Realistically, would Santa Claus actually make it to the Caribbean? I don’t think so. He’d sweat his nuts off in that suit, and besides, I doubt Rudolph, even with his shiny nose, could guide the sleight that far away. So what choice is left but to prop an air-filled Santa on a concrete ledge? The irony in this, is that everyone who gathers around the air-filled Santa does so for the novelty of it. Practically all of my fellow passengers are from northern climates, stocking up on vitamin D for the long winter ahead. The amusement of Santa Claus, Christmas trees and carols piped through loud-speakers in the Caribbean, is something we all share. 

 “It’s so strange to be wearing shorts and hearing Christmas carols” I hear the woman behind me say. She's right. After all, who's ever heard of a Christmas carol about building sand castles on the beach?

For us northerners, Dreaming of a White Christmas and walking in a Winter Wonderland, is what we do. We also do have Chestnuts Roasting on an Open Fire, because, Baby, It’s Cold Outside. But who cares. It’s nothing a cup of Hot Chocolate can’t fix.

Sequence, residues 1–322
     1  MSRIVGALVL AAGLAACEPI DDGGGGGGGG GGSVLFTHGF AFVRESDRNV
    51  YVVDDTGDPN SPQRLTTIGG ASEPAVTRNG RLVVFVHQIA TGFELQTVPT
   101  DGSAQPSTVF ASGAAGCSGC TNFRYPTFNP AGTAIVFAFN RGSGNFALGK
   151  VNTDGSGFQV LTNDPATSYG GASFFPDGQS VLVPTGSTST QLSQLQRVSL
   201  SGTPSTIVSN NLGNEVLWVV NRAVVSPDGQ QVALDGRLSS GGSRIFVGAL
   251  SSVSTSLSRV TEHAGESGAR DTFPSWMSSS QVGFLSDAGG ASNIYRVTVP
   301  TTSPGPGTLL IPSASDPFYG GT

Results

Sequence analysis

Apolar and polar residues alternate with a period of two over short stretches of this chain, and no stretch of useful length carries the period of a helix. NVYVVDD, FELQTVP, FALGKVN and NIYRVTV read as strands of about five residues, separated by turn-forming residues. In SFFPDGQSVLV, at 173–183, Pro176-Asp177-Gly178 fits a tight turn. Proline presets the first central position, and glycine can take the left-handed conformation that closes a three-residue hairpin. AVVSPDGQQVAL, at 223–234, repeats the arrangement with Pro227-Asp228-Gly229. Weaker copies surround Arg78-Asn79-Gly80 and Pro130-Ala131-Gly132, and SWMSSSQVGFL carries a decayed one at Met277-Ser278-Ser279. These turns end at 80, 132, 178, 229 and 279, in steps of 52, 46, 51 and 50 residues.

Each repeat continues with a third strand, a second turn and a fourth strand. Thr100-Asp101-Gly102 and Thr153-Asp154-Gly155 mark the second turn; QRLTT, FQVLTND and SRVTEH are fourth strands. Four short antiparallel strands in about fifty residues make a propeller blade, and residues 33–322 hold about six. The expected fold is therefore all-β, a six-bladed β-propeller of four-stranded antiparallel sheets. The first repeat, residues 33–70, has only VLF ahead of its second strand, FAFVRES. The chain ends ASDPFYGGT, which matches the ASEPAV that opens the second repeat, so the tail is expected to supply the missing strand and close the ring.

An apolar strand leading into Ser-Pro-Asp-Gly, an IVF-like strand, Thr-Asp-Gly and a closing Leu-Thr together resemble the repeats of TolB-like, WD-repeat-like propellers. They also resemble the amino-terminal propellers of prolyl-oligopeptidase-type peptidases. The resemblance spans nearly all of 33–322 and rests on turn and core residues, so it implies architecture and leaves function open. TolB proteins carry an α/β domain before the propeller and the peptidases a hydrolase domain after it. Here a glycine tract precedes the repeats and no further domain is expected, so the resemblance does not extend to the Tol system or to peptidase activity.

Let it Snow
                  Let it Snow
                                    Let it Snow 

Wednesday 26 November 2014

Visit Detroit

Detroit is bursting with construction. With it comes a ‘look-forward’ view and a sense of optimism. Buildings, grand Victorian architecture, are being saved from wrecking balls. Roads are being repaired. Tracks are being laid.

One of the largest projects underway is the M-1 RAIL Woodward Avenue Streetcar. This project is, “envisioned to be one element of a future modern, world-class regional transit system where all forms of transportation, including rail, bus, vehicle, bicycle and pedestrian, are considered and utilized to build a vibrant, walk-able region that includes a thriving Downtown Detroit."
Conceptual rendering via
Once completed in late 2016, it will travel north and south on both sides of Woodward Avenue, A National Byway®. The streetcar will service 20 stations (16 curbside and 4 median running) at 12 locations, stretching for 3.3-miles between Larned Street and W. Grand Blvd. The system will provide access to hundreds of businesses and connect neighborhoods and points of interest along the way including, major cultural landmarks, sports stadiums, entertainment venues, restaurants, hospitals and universities. The project will also create construction and permanent jobs for Detroiters, and that's certainly good news.